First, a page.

The Growth in Geographic Information Technology
Every day, a staggering amount of new data is produced, and business and governments look for ways to utilize that data to help them plan and strategize, cut costs, innovate, and deliver services. While some companies and organizations are working at the cutting edge of data implementation, many companies are still lagging far behind when it comes to making optimum use of that data.
Geographic information technology has emerged as a critical data implementation tool that allows companies and governments to drill deeply into their data and use that data to help them determine their future direction.
What is Geographic Information Technology?
Geographic information technology allows data to be analyzed and then displayed on maps. It can be used to analyze anything from locations where it would be most profitable for a restaurant chain to open up a new outlet, finding out which areas of a city are responsible for the most pollution, and tracking disease outbreaks.
How Does a Geographic Information System Work?
A GIS system captures, stores, and analyzes data related to its position on the planet’s surface. Many different kinds of data can be displayed on one map, which allows patterns and relationships between elements to be discovered.
The location data used can be cross-referenced with other information in the database to show information about the people in that place, such as their education levels, income levels and life expectancy. Another example would be mapping locations of water or air pollution and then looking for the source based on all of the farms and factories in a given area.
An organization will need specialists holding a geographic information science and technology degree in order to implement and administer a GIS system. Members of a company’s IT team can also undertake a part-time online GIST program to acquire the relevant education and skills.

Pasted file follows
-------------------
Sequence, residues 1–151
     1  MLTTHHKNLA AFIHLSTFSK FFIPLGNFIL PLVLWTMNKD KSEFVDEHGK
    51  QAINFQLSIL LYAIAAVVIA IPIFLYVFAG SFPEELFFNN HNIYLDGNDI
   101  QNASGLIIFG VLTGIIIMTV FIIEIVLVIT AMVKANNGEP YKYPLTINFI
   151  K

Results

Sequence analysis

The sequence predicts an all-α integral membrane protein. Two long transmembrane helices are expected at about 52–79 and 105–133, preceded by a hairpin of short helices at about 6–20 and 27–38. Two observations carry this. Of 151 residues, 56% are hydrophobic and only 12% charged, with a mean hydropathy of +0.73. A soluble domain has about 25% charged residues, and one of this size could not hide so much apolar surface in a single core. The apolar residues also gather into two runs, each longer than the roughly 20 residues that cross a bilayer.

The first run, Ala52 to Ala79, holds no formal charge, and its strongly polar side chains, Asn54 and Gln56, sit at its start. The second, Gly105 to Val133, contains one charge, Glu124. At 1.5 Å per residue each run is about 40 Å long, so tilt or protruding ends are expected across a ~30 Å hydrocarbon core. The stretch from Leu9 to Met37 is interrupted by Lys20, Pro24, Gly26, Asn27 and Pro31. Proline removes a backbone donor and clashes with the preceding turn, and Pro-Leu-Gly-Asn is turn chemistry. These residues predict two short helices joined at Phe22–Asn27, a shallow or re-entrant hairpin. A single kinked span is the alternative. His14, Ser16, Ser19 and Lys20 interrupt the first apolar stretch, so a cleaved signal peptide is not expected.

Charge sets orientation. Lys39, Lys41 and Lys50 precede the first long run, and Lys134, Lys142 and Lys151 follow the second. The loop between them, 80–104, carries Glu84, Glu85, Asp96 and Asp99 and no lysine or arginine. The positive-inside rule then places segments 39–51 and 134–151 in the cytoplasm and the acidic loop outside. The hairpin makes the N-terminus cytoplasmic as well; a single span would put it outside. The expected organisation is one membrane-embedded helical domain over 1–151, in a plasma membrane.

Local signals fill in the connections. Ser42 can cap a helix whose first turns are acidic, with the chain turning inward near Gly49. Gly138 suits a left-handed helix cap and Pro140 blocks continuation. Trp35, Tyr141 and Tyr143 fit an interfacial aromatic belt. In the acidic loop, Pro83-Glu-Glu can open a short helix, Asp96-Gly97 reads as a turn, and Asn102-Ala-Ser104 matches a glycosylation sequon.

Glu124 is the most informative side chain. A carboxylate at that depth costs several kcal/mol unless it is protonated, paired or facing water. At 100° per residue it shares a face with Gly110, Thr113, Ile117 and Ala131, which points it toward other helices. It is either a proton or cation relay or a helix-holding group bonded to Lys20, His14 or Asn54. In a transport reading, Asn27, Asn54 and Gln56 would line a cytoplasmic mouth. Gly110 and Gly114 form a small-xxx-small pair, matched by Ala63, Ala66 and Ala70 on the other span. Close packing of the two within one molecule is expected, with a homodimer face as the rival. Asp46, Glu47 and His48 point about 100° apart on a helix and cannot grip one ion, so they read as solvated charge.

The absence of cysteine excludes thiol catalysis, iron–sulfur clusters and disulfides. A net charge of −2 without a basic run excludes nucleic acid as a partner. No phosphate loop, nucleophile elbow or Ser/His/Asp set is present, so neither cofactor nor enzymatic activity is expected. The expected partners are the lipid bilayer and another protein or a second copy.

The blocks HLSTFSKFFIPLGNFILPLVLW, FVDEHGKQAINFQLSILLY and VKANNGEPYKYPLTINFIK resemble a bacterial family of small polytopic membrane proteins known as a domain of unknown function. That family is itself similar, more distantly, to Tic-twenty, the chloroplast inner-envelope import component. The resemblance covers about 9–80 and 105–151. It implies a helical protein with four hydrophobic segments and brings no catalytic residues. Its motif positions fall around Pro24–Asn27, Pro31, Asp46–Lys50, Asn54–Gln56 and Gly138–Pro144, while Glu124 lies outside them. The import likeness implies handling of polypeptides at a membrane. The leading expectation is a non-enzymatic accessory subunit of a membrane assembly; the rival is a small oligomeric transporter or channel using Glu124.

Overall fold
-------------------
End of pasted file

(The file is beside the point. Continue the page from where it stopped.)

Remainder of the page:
Which Types of Organization Can Benefit From Using a Geographic Information System?
Because the benefits of understanding location data are so far-reaching, a wide range of companies and government departments can gain from using a geographic information system.
The US Department of Defense uses analysis provided by data specialists at National Geospatial-Intelligence Agency to identify potential threats to national security.
The Center for Disease Control and Prevention uses GIS to help shape public health-related policy decisions.
Local government bodies provide location data mapping to various departments, including those responsible for public utilities and services, property tax assessments, highways, and town planning. For example, accident hotspots can be identified and steps are taken to minimize risks in those areas. Location data can also help to develop a local tourism strategy or plan new residential communities.
Companies can use a geographic information system to manage their supply and distribution chain more effectively, to plan new locations based on local income levels and population density, and the road and other transport networks that make traveling to the location feasible.
Geographic information technology enables a better understanding of data and can ensure smarter use of resources and more efficient targeting of services, both in the public and the private sector.